Disgraced, asked to step away, without my beloved Ahia who had talked me off so many ledges in the years we’d known each other–corresponding to the peak of my years-long quarter-life crisis–the only thing I could repeat, for months and months and months as I got better then worse then better then worse again, were the words that Tulele Faletolu sang:

I was found before I was lost.
I was Yours before I was not.
Grace to spare for all my mistakes,
And that part just wrecks me.

And that part just wrecks me.

“Grace to spare for all my mistakes.” The thing about God, I’ve learned, is that when you think the world won’t, can’t forgive you, God will forgive you SO MUCH and SO HARD…that the world slowly ceases to matter.

I have no doubt the people I’ve had to leave behind think badly of me, have decided I was worth letting go of because, truth be told, the person I was then…she really was worth letting go of. She was toxic.

And I am still that girl, many, many times. There are days, when I look in the mirror, that I can see her. Days when I am constantly teetering on the verge of collapse. Days when I hiss and snarl and snap at the people I love most, pushing them away. Days when I fail to be a good human, much less a good Christian. Days that it’s hard to crawl back from, though I must, I must, because I said I would be better.

Each time, then, I repeat: “Grace to spare for all my mistakes.”

I do not excuse myself, but I give myself the permission to keep moving forward.

God has grace to spare for all my mistakes and so, as hard as it is, I decide to continue living with myself, believing that same Grace will make me worth that choice to continue.

Contrary to what seems like popular belief, it isn’t unholy to be happy. The verse in John (I smirk at the irony) reads, “For I have come to give you life, and life to the full.”

In Christian circles, there’s this thing called pruning: God taking you on a journey and taking away the things that weigh your steps down as you go. As the word suggests, it isn’t pleasant, which is maybe where the whole “Christianity is misery-inducing” shtick comes from.

I mean, it’s not wrong. Heck, I’ve written a lot of stuff in that vein. But. There’s a but.

Christianity, or maybe you want to think of it as growing up/maturing/finding yourself, is painful. You lose things you wish you didn’t. You lose yourself, for crying out loud. But after everything, Christianity (or growing up or maturing or finding yourself or however you want to refer to it) asks that you don’t be afraid to ask for joy.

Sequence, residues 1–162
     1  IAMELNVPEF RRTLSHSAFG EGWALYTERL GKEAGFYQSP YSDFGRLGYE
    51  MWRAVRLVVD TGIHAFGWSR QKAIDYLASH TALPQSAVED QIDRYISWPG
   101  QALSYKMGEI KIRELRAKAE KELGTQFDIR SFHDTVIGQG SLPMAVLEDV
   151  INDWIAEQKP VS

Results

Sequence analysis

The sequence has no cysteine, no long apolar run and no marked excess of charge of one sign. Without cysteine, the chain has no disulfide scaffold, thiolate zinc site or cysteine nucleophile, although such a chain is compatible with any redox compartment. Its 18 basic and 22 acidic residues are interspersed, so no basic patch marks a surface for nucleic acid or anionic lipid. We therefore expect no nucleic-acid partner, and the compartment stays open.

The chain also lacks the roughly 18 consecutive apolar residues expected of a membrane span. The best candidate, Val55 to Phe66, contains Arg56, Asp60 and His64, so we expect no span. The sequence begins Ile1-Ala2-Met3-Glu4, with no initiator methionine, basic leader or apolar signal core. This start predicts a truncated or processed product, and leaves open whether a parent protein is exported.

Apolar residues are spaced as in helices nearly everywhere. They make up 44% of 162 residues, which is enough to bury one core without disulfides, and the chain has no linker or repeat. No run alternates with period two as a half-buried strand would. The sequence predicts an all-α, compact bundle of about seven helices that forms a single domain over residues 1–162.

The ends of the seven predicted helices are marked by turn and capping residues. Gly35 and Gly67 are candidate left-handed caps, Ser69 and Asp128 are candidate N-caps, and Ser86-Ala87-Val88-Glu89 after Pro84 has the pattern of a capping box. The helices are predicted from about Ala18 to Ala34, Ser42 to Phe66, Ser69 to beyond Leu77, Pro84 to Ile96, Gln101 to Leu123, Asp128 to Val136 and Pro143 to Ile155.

My boss, Guita, once told me (in the throes of my nth mental breakdown that week), “You have to believe you can be happy too.

There’s this weird thing I’ve noticed, after playing Christian music on loop for the past few weeks in order to stay sane. It’s that, whether its hymns or contemporary Christian music, in general the saddest-sounding songs are the happiest ones lyrically. These songs start on a minor key, dark and slow and sad, and build to a painful, unresolved, but ultimately hopeful chorus. One that has no answers, but somehow doesn’t need them.

I circle back to the song I sang on Day 29 of quarantine, as I was falling apart for the more-than-29th time. There are no answers to singing, “You are good, good, always.” There are no answers…but there is a beautiful defiance.

When you feel like the world is a dumpster fire and you are burning along with it, declaring “You’re never going to let me down.” is just plain stubborn, rebellious hope. I am worn and broken and sad as all get out, but I am not beaten. The world cannot defeat this hope, because God has overcome the world.

I am sad, but to (literal?) hell with sad. “He is good, good, always.” He was good before I was lost. He is good even while I am lost. He will be good after I am done with this “lost” business, whenever that will be.

Grace to spare for all my mistakes.

I’ll probably make a lot more mistakes this quarantine season. And after quarantine season. I’m going to need a lot of grace.

Thank God He has enough–more than enough–to spare.

“The Faith That Lives In You Also.” (A Family Testimony)

But I lavish unfailing love for a thousand generations on those who love me and obey my commands.

Exodus 20:6

My paternal grandmother passed away in 2014, but she remained a constant presence in my life, even after her death. More specifically, it was the unforgiveness I had for her that haunted me.

To say that my grandmother–Amah–and I had a difficult relationship is an understatement. Though I was her first grandchild, and long-awaited granddaughter, I often felt that she was disappointed in me. After all, my father was the black sheep of the family, and with my hot temper, emotional nature, and tendency to talk back, I reminded her a lot of her son. As I grew older, I would notice this more and more. Playful scolding little by little turned into disapproving lectures on whatever facet of my behavior she was displeased with that day. I grew to expect, and resent, the constant sermons, which would often escalate into arguments as I would try to defend myself from her claim that I was becoming more and more like my dad. At one point, my Amah even told my mother to be careful not to love me too much, because I might hurt her the way my father had hurt my grandmother.